We’ve talked about some of the benefits of edge computing, but of course there are many more to account for.
First and foremost, many of the benefits that telcos can gain by implementing an edge architecture are related to technical improvements.
Decentralizing the collection and processing of data makes it possible, among other things, to reduce latency times and thus gives providers the ability to deliver highly efficient services and applications for real-time data management and monitoring.
Among other things, this efficiency benefits applications that structurally require response times, as times are reduced and customer experience improves and becomes more seamless, such as through augmented reality and virtual reality.
Edge computing also avoids bandwidth constraints and reduces service errors, and ensures safer transfers of sensitive data, since proximity to the source of the information ensures that companies can maintain the same level of power in local processing while avoiding breaches of any kind.
Telcos deploying edge architecture can also count on significant cost savings by no longer having to constantly provide enough bandwidth to ensure a seamless exchange between the central data center and peripheral sites.
In addition, through edge computing, telcos can also build a more resilient network that can maintain operations even under complex conditions or in the event of unexpected events.
This is because, in an edge model, peripheral locations have some management autonomy and are able to maintain a good level of processing power so they can continue to work, even if the central data center has problems or stops working altogether.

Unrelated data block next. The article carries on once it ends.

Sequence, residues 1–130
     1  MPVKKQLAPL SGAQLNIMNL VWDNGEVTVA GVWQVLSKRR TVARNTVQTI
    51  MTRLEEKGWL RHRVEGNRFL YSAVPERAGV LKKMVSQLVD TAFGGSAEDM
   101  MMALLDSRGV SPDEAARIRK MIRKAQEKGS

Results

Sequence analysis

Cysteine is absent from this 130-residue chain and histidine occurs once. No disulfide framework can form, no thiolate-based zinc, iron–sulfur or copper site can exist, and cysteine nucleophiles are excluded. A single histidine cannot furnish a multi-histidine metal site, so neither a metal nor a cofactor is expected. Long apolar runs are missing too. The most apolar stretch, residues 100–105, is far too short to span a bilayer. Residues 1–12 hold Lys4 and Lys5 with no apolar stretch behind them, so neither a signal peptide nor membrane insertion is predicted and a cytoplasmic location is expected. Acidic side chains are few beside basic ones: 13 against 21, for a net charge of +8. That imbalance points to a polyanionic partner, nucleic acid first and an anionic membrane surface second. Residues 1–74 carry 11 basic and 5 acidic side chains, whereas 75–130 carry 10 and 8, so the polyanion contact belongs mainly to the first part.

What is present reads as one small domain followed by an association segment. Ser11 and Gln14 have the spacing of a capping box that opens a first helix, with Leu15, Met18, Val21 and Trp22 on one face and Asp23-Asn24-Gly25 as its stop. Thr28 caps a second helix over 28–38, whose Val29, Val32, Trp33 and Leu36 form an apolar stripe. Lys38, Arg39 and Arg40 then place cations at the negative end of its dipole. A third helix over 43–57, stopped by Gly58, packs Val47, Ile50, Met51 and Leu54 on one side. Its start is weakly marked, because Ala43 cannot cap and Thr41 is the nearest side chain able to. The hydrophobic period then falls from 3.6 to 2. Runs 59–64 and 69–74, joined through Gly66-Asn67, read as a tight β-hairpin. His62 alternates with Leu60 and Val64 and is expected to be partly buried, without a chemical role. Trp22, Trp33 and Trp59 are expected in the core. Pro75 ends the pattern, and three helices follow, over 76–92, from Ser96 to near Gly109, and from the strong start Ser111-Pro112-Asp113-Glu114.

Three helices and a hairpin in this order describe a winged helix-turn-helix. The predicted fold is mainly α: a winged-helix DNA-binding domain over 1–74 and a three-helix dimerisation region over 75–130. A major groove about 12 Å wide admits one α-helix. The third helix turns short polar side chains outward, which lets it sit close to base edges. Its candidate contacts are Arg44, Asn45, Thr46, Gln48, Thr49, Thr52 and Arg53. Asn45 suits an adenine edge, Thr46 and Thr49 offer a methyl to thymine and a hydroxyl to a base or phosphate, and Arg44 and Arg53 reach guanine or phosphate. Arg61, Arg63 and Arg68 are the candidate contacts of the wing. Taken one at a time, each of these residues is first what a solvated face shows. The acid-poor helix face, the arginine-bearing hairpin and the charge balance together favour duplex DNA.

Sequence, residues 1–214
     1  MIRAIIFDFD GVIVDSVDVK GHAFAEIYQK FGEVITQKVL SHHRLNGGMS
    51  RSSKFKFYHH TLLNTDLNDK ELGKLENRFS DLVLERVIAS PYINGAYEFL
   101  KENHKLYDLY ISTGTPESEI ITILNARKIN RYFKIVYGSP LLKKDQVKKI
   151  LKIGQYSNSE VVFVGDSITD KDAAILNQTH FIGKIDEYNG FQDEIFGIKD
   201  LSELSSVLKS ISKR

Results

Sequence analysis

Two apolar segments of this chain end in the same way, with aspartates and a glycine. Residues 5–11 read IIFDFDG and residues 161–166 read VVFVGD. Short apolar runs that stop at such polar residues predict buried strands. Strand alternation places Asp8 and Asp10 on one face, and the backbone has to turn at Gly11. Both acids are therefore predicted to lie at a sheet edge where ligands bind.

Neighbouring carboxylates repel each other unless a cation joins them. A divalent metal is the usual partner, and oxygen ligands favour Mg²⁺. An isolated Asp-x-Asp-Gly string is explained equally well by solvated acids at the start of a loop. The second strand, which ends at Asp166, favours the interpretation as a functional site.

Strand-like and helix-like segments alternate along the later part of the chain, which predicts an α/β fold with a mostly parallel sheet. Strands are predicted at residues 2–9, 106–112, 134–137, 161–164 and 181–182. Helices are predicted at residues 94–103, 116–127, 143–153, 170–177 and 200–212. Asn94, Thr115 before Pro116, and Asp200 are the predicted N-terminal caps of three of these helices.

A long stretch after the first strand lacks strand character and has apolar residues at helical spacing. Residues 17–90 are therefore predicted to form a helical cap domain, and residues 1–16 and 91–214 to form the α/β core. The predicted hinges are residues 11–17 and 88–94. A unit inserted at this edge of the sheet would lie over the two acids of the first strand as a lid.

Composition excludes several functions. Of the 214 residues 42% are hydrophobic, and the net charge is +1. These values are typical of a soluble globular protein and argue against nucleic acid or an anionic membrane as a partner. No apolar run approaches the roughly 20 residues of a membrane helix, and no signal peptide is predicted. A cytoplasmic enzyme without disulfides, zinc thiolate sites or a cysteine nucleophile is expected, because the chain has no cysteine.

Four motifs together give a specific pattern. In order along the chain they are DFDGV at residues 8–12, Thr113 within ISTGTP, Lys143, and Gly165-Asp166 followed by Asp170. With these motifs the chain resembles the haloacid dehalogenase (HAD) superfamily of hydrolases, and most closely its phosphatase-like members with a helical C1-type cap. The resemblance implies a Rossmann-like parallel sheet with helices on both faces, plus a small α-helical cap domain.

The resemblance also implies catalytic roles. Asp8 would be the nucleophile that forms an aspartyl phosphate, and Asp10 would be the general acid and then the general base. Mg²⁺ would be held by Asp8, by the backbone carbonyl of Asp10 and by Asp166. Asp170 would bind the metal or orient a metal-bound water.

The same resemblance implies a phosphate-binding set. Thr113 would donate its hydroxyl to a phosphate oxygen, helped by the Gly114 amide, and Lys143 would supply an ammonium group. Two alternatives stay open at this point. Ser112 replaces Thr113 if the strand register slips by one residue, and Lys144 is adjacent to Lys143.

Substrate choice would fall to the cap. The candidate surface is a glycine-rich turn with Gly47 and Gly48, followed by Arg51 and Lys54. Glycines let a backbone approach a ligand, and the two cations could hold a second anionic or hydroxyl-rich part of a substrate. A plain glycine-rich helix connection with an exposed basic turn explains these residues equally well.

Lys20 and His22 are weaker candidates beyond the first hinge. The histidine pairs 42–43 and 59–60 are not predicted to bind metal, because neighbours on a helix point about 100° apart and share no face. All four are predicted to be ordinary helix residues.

Finally, an edge-based platform also facilitates smooth operations for the development of many applications, offering better interoperability, and able to support a wide variety of hardware and software environments.
The benefits for telcos are reflected in the benefits for customers
All of these advantages obviously have an impact on the service that telcos are able to provide to their customers, who are the ultimate beneficiaries of this type of architecture.
Only thanks to edge computing, users can have access almost everywhere to 5G technology, having a stable and constant connection and a good surfing speed everywhere and at any time.
Added to this is the knowledge that their data traffic is protected and monitored more effectively thanks to a significant reduction in transfers from the periphery to the center of the network.
Among other things, in the medium term, this horizontal structure will allow telcos to develop new digital solutions that translate into new connection services to be put on the market and, consequently, new profit flows for all operators in the sector.
Not all that glitters is gold
Despite what has been said above, one aspect cannot be overlooked, namely that edge computing opens up not only many prospects for development, but also some “threats” that telcos must anticipate and prepare for.
The development of the edge, in fact, is not only tempting to telco players, but also to other organizations that can enter the market as direct and indirect competitors.
From this point of view, Amazon, Google, but also Ericsson and Nokia have already shown their willingness to start competing with traditional operators in the edge computing market, potentially taking away profit sources from traditional telecommunication companies.
These are also joined by public cloud providers, contributing to a diverse, complex, and in many ways, challenging environment.
This means that in order to truly reap the benefits that edge computing promises, telco providers need to carefully build their strategy and develop the necessary technologies and skills internally, depending on their objectives and the partners they have to work with.
Either way, you still need to be aware of how edge computing is bridging a gap and that those left out of the race could be ceding very important sources of revenue to competitors.